A seventy-year-old man has been disqualified from the Los Angeles Marathon months after the race.
Frank Meza was disqualified from the Los Angeles Marathon in March after race officials claim he temporarily left the course during his record-setting run. According to officials, Meza’s run-time during part of the race was “impossible.”
The record-breaking marathon runner has since denied any wrongdoing or cheating in the race, however, video cameras clearly show him stepping off of the course and then rejoining the race again at a location further down the marathon route, according to the Los Angeles Times.
Meza initially clocked in at 2:53:10, which became the fastest marathon run for a person his age, according to the Los Angeles Times.
Conqur Endurance Group, who officiates and organizes the marathon, reviewed store surveillance footage located on the 26.2 mile course from Dodger Stadium to Santa Monica, which showed the retired physician leaving the race and returning — an action that is not permitted per marathon rules.
“After an extensive review of original video evidence from official race cameras and security cameras at retail locations along the race course, Conqur Endurance Group has determined that Dr. Frank Meza violated a number of race rules during the 2019 … Los Angeles Marathon, including re-entering the course from a position other than where he left it,” the marathon officials said in a statement obtained by the website Marathon Investigation.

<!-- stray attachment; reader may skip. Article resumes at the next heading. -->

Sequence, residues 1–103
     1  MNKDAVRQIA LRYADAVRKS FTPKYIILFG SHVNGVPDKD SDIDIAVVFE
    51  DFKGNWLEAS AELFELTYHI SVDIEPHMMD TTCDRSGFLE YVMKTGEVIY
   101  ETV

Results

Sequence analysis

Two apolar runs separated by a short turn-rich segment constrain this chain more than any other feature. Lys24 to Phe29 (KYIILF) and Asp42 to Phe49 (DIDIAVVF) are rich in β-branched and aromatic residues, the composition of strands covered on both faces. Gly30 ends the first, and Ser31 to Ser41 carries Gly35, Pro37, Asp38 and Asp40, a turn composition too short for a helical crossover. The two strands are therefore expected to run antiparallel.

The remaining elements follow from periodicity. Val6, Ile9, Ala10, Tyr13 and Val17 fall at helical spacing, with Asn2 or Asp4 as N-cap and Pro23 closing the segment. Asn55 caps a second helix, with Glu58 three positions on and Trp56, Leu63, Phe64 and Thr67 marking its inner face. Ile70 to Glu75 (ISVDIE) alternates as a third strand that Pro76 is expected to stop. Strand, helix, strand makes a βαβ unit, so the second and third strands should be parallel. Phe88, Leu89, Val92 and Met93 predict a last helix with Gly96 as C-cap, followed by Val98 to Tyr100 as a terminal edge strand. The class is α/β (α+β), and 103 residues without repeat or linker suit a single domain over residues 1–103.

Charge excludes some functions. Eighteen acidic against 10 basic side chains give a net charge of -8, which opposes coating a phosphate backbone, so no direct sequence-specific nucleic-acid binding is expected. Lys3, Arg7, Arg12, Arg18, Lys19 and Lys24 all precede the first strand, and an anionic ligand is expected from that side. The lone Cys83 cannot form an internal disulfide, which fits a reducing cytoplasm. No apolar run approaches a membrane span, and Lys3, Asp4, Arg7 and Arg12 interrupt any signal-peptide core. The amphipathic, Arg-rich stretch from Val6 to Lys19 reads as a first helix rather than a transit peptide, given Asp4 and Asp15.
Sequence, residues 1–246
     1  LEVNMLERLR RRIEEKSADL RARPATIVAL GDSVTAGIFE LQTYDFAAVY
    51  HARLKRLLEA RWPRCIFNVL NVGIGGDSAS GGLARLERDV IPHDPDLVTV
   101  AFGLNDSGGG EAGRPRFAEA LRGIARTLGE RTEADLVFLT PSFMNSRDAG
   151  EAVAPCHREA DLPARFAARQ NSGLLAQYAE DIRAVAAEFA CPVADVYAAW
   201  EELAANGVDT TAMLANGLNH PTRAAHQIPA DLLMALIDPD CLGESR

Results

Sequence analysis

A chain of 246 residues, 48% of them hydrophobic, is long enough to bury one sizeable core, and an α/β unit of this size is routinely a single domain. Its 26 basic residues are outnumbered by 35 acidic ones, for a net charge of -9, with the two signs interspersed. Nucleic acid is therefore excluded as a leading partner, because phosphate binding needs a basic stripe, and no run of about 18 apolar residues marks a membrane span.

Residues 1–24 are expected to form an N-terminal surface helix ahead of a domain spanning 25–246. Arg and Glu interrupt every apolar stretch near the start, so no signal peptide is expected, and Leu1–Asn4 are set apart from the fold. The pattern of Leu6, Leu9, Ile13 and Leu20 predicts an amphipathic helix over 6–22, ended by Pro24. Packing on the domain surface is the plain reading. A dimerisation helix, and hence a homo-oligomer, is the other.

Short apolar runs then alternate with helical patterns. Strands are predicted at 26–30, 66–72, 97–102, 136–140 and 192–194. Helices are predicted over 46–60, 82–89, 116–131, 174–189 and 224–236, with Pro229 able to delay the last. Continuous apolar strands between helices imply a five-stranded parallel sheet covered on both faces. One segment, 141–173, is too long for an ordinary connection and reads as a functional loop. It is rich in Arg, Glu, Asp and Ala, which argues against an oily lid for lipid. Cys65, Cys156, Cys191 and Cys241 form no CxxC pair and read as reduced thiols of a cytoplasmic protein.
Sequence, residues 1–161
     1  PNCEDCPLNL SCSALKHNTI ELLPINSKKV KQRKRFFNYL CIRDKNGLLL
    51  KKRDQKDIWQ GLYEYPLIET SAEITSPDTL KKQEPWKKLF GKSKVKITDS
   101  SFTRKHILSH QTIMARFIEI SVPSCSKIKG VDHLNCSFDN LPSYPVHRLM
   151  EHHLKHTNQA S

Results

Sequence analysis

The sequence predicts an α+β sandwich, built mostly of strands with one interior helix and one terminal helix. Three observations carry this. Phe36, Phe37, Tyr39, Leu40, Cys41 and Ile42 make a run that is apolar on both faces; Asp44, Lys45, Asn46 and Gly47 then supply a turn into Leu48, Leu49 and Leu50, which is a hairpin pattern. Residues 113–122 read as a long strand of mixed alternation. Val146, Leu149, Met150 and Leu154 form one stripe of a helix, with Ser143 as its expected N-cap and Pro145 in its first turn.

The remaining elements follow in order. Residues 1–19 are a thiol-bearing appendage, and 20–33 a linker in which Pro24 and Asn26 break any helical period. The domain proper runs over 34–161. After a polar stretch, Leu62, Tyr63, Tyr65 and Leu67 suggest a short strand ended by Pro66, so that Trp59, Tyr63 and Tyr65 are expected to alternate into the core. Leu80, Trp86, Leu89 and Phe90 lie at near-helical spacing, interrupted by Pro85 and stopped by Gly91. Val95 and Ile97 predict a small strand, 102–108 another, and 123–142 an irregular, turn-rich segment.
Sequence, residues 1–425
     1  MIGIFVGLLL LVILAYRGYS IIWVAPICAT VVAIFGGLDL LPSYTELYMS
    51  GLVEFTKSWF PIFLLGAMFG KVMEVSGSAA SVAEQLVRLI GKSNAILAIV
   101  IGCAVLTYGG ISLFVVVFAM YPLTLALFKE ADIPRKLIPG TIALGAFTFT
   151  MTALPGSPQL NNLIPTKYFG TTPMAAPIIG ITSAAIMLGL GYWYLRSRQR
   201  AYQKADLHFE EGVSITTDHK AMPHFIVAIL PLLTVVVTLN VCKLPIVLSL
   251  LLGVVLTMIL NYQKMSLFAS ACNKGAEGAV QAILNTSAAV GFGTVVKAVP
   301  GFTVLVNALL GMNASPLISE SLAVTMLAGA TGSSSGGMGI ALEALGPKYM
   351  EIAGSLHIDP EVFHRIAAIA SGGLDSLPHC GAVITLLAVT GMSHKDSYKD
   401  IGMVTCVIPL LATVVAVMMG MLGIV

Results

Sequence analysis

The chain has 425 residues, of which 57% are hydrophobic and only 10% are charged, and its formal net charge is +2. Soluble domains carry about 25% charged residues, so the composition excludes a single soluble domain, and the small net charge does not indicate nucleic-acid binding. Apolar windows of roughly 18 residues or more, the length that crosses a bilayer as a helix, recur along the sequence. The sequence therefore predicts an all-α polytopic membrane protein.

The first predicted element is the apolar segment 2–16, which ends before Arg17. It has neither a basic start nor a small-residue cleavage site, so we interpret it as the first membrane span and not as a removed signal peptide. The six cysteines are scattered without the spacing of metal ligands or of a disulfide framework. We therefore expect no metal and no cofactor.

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“The video evidence is confirmed by a credible eyewitness report and our calculation that Dr. Meza’s actual running time for at least one 5K course segment would have had to have been faster than the current 70-74 age group 5K world-record [an impossible feat during a marathon],” the statement read.
Conqur Endurance Group did not return PEOPLE’s request for comment.
Meza’s record-setting result in his bracket of runners from age 70 to 74 has since been removed, putting marathon runner Dan Adams’ 4:10:07 run in first place for his group.
Despite the video evidence against him, Meza maintains his innocence in light of the accusations.
“All kinds of allegations were being thrown at me,” he told the Times. “It was pretty traumatic.”
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However, the retired doctor has been disqualified from marathon races twice before. In 2014 and 2016 Meza ran in the California International Marathon, which takes place in Sacramento, and was disqualified for irregular splits — meaning the interval times recorded at certain points along the race course, according to the Times.
Meza was banned from the California International Marathon following the 2016 disqualification, according to Marathon Investigation.
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